Tuesday, February 23, 2016

Finding Faith - Fighting for the Earth and Food Justice

After watching “The Harvest,” “Man in the Maze,” “Forked,” and “Food Ministries in Tucson, AZ,” during the “Food Justice Mini Film Festival” at The Loft, I was all geared up to attend the “Food Justice, Faith, and Climate Change Forum.” But I have to admit, I was given a moment of pause when the word, “Faith” registered. I had become increasingly disillusioned with Christianity since "family values” were  shanghaied by politicians creating fear to divide us as a nation. Once in office, they sold out Christianity by denying fundamental Christian values such as taking care of the less fortunate. Using the media as a platform, they depicted the poor as lazy and stupid, not deserving of our sympathy. They coined the phrase “welfare queens” and dehumanized the homeless. They ignited racism by demonizing undocumented workers, calling them “illegals.” “Welfare” became a dirty word. Our representatives made a mockery of Christianity by denying science and climate change so their rich campaign contributors could continue to profit by savaging the earth. Being called an “environmentalist” became the supreme insult. It is a shame that you can’t even use the word “Green” anymore because it is such a turn off to so many people. This was NOT the same Christianity I had grown up with.

Franciscan Sister Joan Brown of Interfaith Power and Light
Arriving a few minutes late, I came in the middle of the opening prayer. For a few uncomfortable moments I wondered if I belonged there, if I was a fraud for even attending. But my fears were soon relieved as Franciscan Sister Joan Brown of Partnership for Earth Spirituality and New Mexico Interfaith Power and Light spoke on climate justice. Fred Bahnson, director of the Food, Faith, and Religious Leadership Initiative at Wake Forest University School of Divinity, spoke on using the Tree of Life as a symbol for faith-based activism on climate change. The Tree of Life is our chosen symbol, too! My spirit soared as one lecture was preceded by a Native American blessing. This interfaith event wasn’t about fear or exclusion, it was about love.

I was inspired by the faith-based responses to climate change and food justice. We heard how individual congregations were implementing environmentally sustainable practices like starting their own community gardens, and installing solar panels and rain gathering cisterns. There were practical lectures like: “Seed Libraries and other Strategies for Providing Better Access to Fresh Food in Food Deserts.” Barbara Eiswerth, founder of Iskashitaa Refugee Network, told us how they make arrangements with local residents to pick fruit that would otherwise be wasted.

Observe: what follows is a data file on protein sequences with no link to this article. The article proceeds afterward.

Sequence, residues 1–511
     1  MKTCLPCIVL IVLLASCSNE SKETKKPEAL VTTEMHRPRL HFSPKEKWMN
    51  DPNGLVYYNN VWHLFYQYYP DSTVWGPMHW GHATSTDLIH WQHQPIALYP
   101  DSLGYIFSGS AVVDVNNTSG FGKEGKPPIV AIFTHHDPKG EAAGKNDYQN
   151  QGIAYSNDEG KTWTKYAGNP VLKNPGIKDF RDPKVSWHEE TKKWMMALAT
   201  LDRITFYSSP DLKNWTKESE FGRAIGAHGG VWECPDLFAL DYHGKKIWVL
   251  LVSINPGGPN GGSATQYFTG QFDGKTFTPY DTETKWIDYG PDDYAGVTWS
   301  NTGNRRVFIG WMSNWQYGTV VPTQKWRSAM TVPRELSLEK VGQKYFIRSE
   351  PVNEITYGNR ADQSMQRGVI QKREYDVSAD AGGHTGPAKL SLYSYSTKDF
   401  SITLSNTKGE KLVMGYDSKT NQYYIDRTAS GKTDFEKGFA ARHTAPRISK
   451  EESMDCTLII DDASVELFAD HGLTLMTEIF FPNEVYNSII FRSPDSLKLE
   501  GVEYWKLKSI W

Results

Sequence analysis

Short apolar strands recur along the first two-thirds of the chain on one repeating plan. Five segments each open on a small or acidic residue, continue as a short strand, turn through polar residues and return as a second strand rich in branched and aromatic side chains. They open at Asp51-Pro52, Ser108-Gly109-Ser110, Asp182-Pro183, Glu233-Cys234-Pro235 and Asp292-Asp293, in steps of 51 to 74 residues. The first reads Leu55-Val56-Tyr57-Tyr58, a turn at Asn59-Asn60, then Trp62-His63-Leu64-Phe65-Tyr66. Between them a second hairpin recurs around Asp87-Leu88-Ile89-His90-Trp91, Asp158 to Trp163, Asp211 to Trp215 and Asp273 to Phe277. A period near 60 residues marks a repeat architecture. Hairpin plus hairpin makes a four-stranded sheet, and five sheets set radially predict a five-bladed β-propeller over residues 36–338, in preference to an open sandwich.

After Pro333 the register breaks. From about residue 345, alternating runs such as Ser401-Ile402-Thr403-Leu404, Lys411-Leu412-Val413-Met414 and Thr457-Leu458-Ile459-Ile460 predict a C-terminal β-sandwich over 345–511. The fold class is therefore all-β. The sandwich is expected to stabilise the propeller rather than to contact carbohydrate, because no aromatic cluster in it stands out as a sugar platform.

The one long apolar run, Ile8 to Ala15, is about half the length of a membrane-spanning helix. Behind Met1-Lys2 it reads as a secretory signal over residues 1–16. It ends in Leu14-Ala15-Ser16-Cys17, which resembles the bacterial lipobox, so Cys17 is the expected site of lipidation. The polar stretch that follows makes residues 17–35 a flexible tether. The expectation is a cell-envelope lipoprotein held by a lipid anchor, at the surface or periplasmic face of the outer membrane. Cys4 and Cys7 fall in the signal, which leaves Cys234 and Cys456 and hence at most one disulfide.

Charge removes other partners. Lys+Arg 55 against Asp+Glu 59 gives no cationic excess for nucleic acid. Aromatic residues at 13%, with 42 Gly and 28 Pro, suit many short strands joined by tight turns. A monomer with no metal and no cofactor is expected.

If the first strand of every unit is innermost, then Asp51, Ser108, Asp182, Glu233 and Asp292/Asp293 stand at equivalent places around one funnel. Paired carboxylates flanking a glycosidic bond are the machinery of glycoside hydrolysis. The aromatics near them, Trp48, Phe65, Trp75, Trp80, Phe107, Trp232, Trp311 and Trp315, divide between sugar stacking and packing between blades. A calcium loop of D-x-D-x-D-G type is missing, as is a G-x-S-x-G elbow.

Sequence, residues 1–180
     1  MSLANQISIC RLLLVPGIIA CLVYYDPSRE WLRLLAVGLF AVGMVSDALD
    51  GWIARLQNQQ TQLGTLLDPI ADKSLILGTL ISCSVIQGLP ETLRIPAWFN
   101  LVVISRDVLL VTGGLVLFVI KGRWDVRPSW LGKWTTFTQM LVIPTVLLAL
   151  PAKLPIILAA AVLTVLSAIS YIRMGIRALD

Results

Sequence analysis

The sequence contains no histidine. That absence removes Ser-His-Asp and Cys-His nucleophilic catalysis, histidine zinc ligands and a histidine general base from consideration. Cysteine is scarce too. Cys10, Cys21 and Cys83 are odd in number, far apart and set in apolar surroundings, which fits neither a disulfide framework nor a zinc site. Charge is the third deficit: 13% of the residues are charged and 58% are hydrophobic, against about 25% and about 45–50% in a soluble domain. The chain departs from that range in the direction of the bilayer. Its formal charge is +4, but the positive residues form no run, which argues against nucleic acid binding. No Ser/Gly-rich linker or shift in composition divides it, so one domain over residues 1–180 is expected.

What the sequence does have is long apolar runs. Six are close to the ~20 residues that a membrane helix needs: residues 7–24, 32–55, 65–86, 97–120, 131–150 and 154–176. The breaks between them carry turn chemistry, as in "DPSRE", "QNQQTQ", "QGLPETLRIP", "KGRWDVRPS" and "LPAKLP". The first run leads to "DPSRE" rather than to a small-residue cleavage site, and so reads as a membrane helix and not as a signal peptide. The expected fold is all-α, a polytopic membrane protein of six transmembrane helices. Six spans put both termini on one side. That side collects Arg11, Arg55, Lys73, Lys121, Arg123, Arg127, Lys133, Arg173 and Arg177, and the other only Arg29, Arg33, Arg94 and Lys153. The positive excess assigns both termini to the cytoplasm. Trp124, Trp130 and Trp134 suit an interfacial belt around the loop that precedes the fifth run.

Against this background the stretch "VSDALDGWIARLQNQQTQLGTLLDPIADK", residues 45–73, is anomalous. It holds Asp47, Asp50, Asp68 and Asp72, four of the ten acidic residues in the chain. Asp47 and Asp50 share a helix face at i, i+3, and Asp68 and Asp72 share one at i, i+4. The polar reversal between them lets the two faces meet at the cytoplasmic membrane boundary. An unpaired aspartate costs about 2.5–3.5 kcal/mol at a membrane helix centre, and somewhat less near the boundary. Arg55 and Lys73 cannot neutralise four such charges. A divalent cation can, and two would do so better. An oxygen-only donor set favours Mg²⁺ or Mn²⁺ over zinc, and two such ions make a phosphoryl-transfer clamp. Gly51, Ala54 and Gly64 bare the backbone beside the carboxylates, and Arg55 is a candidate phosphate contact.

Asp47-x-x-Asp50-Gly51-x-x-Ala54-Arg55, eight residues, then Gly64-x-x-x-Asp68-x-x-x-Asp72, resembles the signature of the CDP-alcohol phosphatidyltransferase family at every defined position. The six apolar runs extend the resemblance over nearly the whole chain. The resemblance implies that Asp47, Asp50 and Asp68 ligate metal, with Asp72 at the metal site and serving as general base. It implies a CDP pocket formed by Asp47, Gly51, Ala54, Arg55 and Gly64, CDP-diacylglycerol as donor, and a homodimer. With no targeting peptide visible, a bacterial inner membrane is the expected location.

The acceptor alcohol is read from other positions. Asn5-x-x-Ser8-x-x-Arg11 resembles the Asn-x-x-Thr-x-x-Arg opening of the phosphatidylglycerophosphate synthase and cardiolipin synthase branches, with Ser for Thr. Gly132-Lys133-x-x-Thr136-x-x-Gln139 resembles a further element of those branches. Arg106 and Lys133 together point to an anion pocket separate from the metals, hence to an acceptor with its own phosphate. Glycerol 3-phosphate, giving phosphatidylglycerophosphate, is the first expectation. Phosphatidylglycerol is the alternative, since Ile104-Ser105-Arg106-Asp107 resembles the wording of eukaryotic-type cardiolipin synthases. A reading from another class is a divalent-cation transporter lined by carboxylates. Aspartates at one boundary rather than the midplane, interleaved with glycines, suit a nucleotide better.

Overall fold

We heard some practical responses to food justice. Don Bustos, New Mexico Organic Farmer of the Year, spoke on “Farmworkers to Farmers: Empowering Those Who Bring Us Our Daily Bread.” On his farm he implemented training programs for farm workers to become independent organic farmers by using solar energy. Jose Oliver, co-director of the Food Chain Workers Alliance, shared how they reach out to schools to implement the Real Food Challenge. Through the program, schools work with food service providers, distributors, processors and growers to ensure: (1) local economies, (2) environmental sustainability, (3) fair labor, (4) animal welfare and (5) nutrition.

Veronica Kyle, Chicago Outreach Director of Faith in Place, spoke about reaching out to her community. She demonstrated how important it is not to shame people for their food choices, but to speak to them from where they are. Her organization published a Southern Cooking cookbook with healthy, organic recipes. Once Veronica was lecturing on organic gardening and spouting off sustainability jargon. The audience didn’t know what the heck she was talking about – even though a few had been gardening their whole lives. When she started a community garden, she made sure to ask those gardeners to share their expertise. She is reaching people where they live. 

I came away from this forum feeling inspired and hopeful that people of all faiths were coming together to make a difference in climate change and food justice. Just imagine the environmental impact if every church, temple, synagogue, and mosque encouraged their communities to do the same.

Thursday, February 18, 2016

Planting the Rain: How we discovered the Watershed Management Group

I first heard about the Watershed Management Group (WMG) shortly after returning to Tucson in 2013. As I was talking to people about growing native and locally-adapted plants here in the Sonoran Desert, WMG frequently came up in the conversation. I checked out their website and read some of their newsletters, but I didn't really understand the benefits of water harvesting in anything but an intellectual manner until I rode my bike around town on the Homescape Harvest Tour in 2014. (Click the map below to join me on the tour.)